By design, xf86-video-ati runs at AGP 1x speed. It is generally safe to modify this. If you notice hangs, try reducing the value or removing the line entirely (you can use values 1, 2, 4, 8).

       Option "AGPMode" "4"

ColorTiling is completely safe to enable and supposedly is enabled by default. People have noticed a performance increase when enabled via xorg.conf.

       Option "ColorTiling" "on"

Acceleration architecture; this will work only on newer cards. If you enable this and then can't get back into X, remove it.

       Option "AccelMethod" "EXA"

Page Flip is generally safe to enable. This would mostly be used on older cards, as enabling this would disable EXA. With recent drivers can be used together with EXA.

       Option "EnablePageFlip" "on" 

AGPFastWrite will enable fast writes for AGP cards. This one can be problematic, so be prepared to remove it if you can't get into X.

       Option "AGPFastWrite" "yes"

EXAVSync option attempts to avoid tearing by stalling the engine until the display controller has passed the destination region. It reduces tearing at the cost of performance and has been know to cause instability on some chips. Really useful when enabling Xv overlay on videos on a 3D accelerated desktop. It is not necessary when KMS (thus DRI2 acceleration) is enabled.

      Option "EXAVSync" "yes"

See an example Device Section in xorg.conf:

Section "Device"
       Identifier  "My Graphics Card"
       Driver      "radeon"
       Option      "DRI" "on"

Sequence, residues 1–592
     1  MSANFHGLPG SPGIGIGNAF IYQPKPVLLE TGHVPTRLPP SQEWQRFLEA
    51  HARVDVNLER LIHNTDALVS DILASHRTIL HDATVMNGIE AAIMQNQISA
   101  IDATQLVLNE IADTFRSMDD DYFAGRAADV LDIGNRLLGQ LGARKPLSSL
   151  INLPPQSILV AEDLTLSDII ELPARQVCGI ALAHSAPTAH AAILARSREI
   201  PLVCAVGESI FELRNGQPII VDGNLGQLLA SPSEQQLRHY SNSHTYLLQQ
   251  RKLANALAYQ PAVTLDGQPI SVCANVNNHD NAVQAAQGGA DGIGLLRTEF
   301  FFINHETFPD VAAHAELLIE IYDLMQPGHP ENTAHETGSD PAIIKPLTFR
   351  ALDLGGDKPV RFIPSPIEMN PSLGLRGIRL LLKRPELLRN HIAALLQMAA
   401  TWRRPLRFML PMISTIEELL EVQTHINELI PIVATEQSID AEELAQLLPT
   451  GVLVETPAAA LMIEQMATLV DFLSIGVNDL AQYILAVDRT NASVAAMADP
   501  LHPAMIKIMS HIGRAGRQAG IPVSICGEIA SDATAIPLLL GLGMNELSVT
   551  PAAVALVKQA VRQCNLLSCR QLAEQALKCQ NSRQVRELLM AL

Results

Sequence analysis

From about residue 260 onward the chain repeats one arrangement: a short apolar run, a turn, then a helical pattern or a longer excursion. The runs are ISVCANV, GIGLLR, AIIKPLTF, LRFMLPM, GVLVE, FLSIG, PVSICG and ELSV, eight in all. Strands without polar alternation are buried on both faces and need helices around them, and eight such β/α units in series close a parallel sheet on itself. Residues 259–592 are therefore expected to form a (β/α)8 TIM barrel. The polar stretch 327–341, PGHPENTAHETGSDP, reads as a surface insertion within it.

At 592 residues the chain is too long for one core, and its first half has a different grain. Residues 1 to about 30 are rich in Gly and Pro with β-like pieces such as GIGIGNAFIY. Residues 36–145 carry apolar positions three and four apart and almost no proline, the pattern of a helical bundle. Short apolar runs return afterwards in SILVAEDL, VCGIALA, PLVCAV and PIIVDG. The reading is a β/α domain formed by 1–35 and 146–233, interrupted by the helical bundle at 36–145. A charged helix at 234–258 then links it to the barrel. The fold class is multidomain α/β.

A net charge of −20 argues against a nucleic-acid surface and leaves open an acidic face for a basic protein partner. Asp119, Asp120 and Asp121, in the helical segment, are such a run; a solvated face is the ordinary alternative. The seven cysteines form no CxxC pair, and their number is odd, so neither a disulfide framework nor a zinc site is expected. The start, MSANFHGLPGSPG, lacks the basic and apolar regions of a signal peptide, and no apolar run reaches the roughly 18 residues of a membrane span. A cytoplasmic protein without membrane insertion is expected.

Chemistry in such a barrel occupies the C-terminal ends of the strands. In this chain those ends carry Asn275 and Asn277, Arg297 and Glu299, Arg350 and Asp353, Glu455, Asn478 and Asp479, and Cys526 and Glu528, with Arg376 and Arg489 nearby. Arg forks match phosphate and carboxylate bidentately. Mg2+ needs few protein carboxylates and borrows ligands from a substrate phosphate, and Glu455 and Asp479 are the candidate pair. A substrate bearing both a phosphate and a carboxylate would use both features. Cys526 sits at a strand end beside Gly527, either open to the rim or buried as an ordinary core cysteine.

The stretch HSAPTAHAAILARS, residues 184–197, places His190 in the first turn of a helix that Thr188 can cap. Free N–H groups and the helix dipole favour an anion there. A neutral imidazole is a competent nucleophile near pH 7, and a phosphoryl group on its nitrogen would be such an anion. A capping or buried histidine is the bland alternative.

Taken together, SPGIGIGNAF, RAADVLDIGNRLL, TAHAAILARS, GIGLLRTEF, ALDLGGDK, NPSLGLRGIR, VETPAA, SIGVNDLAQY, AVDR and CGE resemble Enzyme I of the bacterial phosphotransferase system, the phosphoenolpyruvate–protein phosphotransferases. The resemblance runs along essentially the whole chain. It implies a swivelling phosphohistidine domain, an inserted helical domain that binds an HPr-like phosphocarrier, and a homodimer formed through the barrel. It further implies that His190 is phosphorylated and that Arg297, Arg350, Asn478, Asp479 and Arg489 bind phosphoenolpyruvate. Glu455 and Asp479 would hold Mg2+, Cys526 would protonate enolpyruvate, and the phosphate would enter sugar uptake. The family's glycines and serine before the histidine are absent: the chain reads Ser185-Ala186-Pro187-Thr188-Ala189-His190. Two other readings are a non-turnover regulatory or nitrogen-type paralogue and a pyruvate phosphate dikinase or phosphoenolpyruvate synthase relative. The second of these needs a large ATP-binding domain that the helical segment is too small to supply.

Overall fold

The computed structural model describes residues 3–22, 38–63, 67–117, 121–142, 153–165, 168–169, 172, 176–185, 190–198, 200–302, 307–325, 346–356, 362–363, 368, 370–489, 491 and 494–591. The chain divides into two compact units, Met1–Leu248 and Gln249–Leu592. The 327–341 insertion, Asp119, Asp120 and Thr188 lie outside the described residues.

Option      "DynamicPM" "on"      # Dynamic powersaving.
       Option      "ClockGating" "on"    # Assisting option for powersaving.
       Option      "AccelMethod" "EXA"   # EXA should fit most cases.
       Option      "EXAVSync" "on"       # EXAVSync is explained above.
       Option      "DMAForXv" "on"       # Forced option in order to enable Xv overlay.
       Option      "ScalerWidth" "2048"  # That should fix some very rare bugs.
       Option      "EnablePageFlip" "on" # It will not be enabled on R5xx cards.
       Option      "RenderAccel" "on"    # Optional. It should be enabled by default.
       Option      "AccelDFS" "on"       #Optional. See the man page.
       BusID       "PCI:1:0:0"

See the manpage for more configuration options. man radeon

A fine tool to try is driconf. It will allow you to modify several settings, like vsync, anisotropic filtering, texture compression, etc. Using this tool it is also possible to "disable Low Impact fallback" needed by some programs (e.g. Google Earth).

Tuning performance with xf86-video-radeonhd



With KMS enabled

TODO (After kernel26>=2.6.34 passes to [core]

Without KMS


TV out

Since August 2007, there is TV-out support for all Radeons with integrated TV-out.

It is somewhat limited for now, it doesn't always autodetect the output correctly and only NTSC mode works.

First, check that you have an S-video output: xrandr should give you something like

Screen 0: minimum 320x200, current 1024x768, maximum 1280x1200
S-video disconnected (normal left inverted right x axis y axis)

Now we should tell Xorg that it is actually connected (it is, right?)

xrandr --output S-video --set load_detection 1

Setting tv standard to use:

xrandr --output S-video --set tv_standard ntsc

Adding a mode for it (currently it supports only 800x600):

xrandr --addmode S-video 800x600

I'll go for a clone mode:

xrandr --output S-video --same-as VGA-0

So far so good. Now let's try to see what we have:

xrandr --output S-video --mode 800x600

At this point you should see a 800x600 version of your desktop on your TV.

To disable the output, do

xrandr --output S-video --off

Also you may notice that the video is being played on monitor only and not on the TV. Where the Xv overlay is sent is controlled by XV_CRTC attribute.

To send the output to the TV, I do

xvattr -a XV_CRTC -v 1
Note: you need to install xvattr from AUR to execute this command.